On a day in which former International Monetary Fund chief Dominque Strauss-Kahn—a Frenchman whose reputation with women earned him the nickname "The Great Seducer"—pled not guilty to seven charges of sexual assault, I can't help but think of the philandering antagonist of Potiche, and the bourgeois culture to which both men belong.
As the head of an umbrella factory that he inherited from his wife's father, Robert Pujol (Fabrice Luchini) is a bombastic twit of a man, inflicted with a raging sense of entitlement and a Napoleon complex that does not lend itself to effective managerial skills amid growing worker unrest. Pujol's misdeeds aren't criminal like those of alleged rapist DSK, but the two men share a similar moral compass. His justification for scores of affairs and mistresses over the decades is that his wife Suzanne (Catherine Deneuve) "has just accepted it." So extensive is the cheating that when Pujol discovers that their son is dating the daughter of a local baker, he is concerned the couple may be half siblings, thanks to one of those long-ago flings. Twenty-five years later he still sees nothing wrong with pulling Clinton-esque moves with his secretary while his wife sits in the adjacent room.
Robert's depravity makes it even easier to like the already amiable Suzanne. She is the potiche, a word that translates literally into a vase or other decorative object, but which also means "trophy wife" in French society. Suzanne is aware of the label—she even makes sad jokes about it as her husband criticizes her over breakfast—but there is a strange unwillingness to fight it, resigned as she is to a life of cleaning their mansion and sleeping in separate bedrooms.
- The art of French laughing.
Despite these heavy undertones of adultery and marital unhappiness, Potiche turns out to be fairly effective farce—a dark comedy that intertwines slapstick with more serious themes of women's rights and capitalism versus socialism. The film is set in 1977 in an un-named provincial French town. A violent worker's strike at the umbrella factory sets in motion a series of events that ends with Robert hospitalized and Suzanne anointed as the temporary factory leader. She assumes the position only after her son and daughter pass on the job. Nobody expects her to make any real decisions during her tenure.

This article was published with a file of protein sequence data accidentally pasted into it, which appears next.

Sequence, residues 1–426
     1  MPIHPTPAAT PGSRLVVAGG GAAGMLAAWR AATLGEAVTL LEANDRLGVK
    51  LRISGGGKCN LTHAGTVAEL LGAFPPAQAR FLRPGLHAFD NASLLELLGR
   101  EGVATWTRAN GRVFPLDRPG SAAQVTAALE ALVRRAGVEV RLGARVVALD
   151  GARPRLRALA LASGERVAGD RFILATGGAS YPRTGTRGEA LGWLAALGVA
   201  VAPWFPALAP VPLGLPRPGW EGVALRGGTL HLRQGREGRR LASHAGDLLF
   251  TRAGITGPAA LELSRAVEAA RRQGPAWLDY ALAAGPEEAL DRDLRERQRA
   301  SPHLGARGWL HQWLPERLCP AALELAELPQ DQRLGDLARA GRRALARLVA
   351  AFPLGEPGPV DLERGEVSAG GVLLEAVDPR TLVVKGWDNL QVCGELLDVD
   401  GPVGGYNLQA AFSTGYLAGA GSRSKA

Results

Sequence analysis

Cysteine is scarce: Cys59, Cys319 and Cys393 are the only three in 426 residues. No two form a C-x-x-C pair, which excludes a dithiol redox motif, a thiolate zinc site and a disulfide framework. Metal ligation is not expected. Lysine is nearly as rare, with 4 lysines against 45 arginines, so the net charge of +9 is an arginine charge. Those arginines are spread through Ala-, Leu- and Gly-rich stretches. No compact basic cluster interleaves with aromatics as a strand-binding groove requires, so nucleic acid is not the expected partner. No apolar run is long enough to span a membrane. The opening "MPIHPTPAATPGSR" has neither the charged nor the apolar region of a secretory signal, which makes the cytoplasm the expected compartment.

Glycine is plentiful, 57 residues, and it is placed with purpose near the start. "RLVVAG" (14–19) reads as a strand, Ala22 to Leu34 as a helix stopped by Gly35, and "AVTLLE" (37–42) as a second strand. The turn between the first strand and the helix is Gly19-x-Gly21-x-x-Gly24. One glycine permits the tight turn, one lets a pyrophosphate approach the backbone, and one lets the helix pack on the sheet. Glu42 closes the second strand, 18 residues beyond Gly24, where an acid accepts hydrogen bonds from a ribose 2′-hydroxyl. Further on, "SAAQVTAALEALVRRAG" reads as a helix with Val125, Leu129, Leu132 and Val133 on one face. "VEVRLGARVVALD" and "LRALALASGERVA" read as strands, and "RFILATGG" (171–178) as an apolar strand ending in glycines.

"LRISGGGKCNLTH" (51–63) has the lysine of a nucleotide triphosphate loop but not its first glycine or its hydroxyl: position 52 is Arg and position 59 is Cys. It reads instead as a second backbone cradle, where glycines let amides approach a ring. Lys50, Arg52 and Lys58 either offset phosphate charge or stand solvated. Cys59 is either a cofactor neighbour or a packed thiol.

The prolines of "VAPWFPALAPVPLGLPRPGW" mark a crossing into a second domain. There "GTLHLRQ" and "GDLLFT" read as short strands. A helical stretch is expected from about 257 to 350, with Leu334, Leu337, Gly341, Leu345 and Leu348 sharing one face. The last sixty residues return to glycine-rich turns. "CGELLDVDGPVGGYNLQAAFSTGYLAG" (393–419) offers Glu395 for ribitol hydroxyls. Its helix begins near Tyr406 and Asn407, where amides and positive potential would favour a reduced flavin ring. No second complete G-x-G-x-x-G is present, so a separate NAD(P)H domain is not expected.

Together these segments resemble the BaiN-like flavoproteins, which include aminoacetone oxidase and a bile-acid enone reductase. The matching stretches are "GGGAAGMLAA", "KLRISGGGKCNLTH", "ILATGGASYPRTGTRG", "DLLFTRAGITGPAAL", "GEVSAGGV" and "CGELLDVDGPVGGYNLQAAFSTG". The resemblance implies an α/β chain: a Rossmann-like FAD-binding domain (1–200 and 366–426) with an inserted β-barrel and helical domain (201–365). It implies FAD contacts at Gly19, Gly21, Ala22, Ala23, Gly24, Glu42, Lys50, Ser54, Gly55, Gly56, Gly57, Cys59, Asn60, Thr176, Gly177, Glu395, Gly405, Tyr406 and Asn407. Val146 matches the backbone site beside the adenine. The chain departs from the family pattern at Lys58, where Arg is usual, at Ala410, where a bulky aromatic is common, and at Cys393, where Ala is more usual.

But the factory workers love her. Gone is Robert's autocratic rule, replaced by Suzanne's willingness to actually negotiate with disgruntled employees seeking the grand European tradition of extra paid vacation, higher salaries, and a shorter work week. It's socialist satire, and Deneuve slips into the role of CEO with charm, motivated by those around her who continue to downplay the surging women's movement in France.
Not only is the film set in 1977, but Potiche actually feels like a film that was made 35 years ago. That's no criticism. There's a wonderful nightclub disco scene in which Suzanne dances with former flame and current Communist city mayor Maurice Babin (an uncomfortably heavy Gerard Depardieu) that's either an ironic rip-off or loving homage to Saturday Night Fever. Either way it's fantastic, and epitomizes a film that through its soundtrack, costumes, and general tone manages to capture a time and place as few period pieces do.
That's not to say everything works here. Potiche feels a bit too much like the adapted 1970s play that it is. Despite the authentic setting, there's an ebb and flow to the story that feels like it belongs on stage—and with only six main characters, it's easy to see why it took more than three decades for someone to attempt a screen version. The added value is limited.
It certainly helps here that there isn't a dud among the six actors, all of whom look like they're having a ball. With his boyish bowl cut and added weight, Depardieu is cartoonish in an endearing way as the earnest mayor who's still in love with Suzanne. But she's been jilted one too many times. As Maurice pursues her and Robert tries to keep the sham of a marriage intact, Suzanne has her eyes on other things—the company for one, public office for two.
Deneuve alone is good enough here to carry the film despite its faults. The character transformation from trophy wife to accomplished factory leader happens quickly—perhaps too fast to be entirely believable—but it's a flaw that can be overlooked. Potiche is best enjoyed as the farce that it is, buoyed by the charmingly resilient Suzanne.
Potiche continues at the Wilma Theatre.